American Medical Response employs about 450 paramedics and EMTs in Seattle.
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American Medical Response employs about 450 paramedics and EMTs in Seattle.

Alexa can tell if you’re having a heart attack – and then call 911

Researchers at the University of Washington have taught smart devices how to correctly identify the staggered breathing of someone going into cardiac arrest while sleeping.

Dr. Jacobs Sunshine, professor at the UW School of Medicine, told KUOW’s Kim Malcolm how this could save the lives of people who live alone.

What sounds were you thinking of that would be good for Alexa to listen to and to respond to?

About half of people who experience cardiac arrest have a certain type of breathing called agonal breathing. And because this is such a unique sound, we thought that it could be a good biomarker to train a machine to identify.

To do that we partnered with people in the Paul G. Allen School of Computer Science, specifically Justin Chan and Shyamnath Gollakota, and we trained a machine to identify that unique sound signature of what these agonal breathing moments can sound like.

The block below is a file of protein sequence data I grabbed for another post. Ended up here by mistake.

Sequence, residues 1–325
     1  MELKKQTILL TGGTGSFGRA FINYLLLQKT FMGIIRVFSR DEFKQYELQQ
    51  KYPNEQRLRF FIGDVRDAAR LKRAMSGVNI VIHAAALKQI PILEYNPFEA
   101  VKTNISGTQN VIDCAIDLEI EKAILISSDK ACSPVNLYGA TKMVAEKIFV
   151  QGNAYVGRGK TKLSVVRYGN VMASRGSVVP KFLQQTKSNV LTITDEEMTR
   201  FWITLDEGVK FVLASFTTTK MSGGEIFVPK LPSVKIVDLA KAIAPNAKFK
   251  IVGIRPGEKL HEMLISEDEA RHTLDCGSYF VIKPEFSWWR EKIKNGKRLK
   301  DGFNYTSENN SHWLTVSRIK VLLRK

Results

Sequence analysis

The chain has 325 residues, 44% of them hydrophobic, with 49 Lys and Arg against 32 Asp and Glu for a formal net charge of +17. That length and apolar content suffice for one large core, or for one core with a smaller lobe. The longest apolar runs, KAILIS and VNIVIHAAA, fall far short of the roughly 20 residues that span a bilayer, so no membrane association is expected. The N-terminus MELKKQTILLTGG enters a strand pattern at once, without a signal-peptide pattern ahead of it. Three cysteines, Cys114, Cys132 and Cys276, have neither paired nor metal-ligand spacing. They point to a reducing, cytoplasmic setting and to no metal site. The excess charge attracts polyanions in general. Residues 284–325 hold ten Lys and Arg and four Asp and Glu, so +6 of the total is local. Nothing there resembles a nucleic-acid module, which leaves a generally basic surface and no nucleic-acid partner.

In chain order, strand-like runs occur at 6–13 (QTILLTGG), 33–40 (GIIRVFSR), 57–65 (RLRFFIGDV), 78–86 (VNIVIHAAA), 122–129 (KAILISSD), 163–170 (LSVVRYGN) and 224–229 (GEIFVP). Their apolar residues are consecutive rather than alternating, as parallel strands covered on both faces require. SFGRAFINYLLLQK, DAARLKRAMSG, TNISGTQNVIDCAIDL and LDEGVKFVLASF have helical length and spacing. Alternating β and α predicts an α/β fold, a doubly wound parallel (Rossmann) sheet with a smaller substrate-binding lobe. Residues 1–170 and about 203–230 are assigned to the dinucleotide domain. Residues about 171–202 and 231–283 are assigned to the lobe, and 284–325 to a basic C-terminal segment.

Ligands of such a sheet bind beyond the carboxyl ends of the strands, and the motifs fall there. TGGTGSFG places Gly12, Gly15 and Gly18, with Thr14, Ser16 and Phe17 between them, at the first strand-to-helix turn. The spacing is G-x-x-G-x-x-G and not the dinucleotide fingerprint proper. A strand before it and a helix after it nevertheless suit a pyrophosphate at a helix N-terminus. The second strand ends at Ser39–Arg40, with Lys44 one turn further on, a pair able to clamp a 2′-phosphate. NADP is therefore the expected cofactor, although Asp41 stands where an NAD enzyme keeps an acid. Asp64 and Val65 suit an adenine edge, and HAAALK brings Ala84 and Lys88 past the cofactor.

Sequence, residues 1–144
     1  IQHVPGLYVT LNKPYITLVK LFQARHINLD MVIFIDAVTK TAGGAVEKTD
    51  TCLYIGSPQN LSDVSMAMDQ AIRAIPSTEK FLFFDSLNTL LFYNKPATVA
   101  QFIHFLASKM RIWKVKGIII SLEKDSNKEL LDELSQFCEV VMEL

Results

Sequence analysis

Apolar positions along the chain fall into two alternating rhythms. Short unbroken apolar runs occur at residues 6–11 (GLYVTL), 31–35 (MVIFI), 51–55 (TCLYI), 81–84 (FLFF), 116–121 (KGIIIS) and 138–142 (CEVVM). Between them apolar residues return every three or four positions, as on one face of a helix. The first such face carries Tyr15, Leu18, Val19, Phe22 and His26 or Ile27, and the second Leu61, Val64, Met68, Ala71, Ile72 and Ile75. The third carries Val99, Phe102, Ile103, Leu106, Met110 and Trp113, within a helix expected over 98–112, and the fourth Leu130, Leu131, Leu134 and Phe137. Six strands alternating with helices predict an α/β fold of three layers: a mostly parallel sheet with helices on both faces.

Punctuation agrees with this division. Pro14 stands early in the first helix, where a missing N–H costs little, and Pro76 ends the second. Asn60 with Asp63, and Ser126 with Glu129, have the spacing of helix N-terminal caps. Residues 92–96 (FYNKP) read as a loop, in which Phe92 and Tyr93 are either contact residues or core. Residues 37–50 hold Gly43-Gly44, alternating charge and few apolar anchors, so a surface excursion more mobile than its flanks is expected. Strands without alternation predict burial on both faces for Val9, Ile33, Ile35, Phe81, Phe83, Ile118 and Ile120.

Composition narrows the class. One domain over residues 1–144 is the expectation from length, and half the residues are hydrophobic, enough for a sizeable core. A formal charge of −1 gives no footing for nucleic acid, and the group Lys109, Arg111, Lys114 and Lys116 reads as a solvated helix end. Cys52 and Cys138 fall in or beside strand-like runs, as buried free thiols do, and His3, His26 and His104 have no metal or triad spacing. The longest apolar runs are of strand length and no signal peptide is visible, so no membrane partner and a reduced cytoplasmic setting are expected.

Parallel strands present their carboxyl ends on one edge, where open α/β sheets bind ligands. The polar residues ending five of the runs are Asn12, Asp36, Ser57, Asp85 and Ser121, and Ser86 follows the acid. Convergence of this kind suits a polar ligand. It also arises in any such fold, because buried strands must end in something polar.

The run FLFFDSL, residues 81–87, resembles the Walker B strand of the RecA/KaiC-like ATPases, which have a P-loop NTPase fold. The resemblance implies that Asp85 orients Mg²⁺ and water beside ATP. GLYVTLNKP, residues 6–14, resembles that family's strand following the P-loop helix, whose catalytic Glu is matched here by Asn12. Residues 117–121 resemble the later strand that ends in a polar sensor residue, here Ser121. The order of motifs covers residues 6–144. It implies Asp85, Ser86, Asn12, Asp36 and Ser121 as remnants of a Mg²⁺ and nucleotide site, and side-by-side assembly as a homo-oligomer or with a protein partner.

Okay, but what if I snore when I sleep? Or maybe I have sleep apnea for instance. Can Alexa tell the difference between that and the signs of cardiac arrest?

The smart speaker was able to identify them correctly about 97% of the time. For a false positive rate we were able to get to initially around 0.2%. With tweaks to the algorithm and taking into account the frequency with which agonal breathing occurs we were able to reduce our false positive rate to even lower.

How soon do you think we could have an app available for people?

We’re hopeful that within the next couple of years we may have something that could be ready to deploy to a larger population.

The study was a collaboration between the University School of Medicine and the Paul G. Allen School of Computer Science at the University of Washington. The authors are Justin Chan, Thomas Rea, Shyamnath Gollakota, and Jacob Sunshine.